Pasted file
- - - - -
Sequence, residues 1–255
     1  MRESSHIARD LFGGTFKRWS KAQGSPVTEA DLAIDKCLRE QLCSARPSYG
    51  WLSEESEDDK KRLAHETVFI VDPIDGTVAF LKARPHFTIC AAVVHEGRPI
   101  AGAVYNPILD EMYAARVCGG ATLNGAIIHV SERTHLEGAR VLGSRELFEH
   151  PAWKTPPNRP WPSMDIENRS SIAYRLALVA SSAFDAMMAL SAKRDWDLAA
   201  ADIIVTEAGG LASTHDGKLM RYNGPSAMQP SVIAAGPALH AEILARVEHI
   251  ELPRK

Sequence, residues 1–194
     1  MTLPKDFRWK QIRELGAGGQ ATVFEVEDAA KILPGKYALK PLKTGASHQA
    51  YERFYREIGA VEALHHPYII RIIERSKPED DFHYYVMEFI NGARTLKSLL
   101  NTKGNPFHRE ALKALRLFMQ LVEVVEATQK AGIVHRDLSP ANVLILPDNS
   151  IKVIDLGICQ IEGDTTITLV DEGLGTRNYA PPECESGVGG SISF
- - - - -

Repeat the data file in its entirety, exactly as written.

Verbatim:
Sequence, residues 1–255
     1  MRESSHIARD LFGGTFKRWS KAQGSPVTEA DLAIDKCLRE QLCSARPSYG
    51  WLSEESEDDK KRLAHETVFI VDPIDGTVAF LKARPHFTIC AAVVHEGRPI
   101  AGAVYNPILD EMYAARVCGG ATLNGAIIHV SERTHLEGAR VLGSRELFEH
   151  PAWKTPPNRP WPSMDIENRS SIAYRLALVA SSAFDAMMAL SAKRDWDLAA
   201  ADIIVTEAGG LASTHDGKLM RYNGPSAMQP SVIAAGPALH AEILARVEHI
   251  ELPRK

Sequence, residues 1–194
     1  MTLPKDFRWK QIRELGAGGQ ATVFEVEDAA KILPGKYALK PLKTGASHQA
    51  YERFYREIGA VEALHHPYII RIIERSKPED DFHYYVMEFI NGARTLKSLL
   101  NTKGNPFHRE ALKALRLFMQ LVEVVEATQK AGIVHRDLSP ANVLILPDNS
   151  IKVIDLGICQ IEGDTTITLV DEGLGTRNYA PPECESGVGG SISF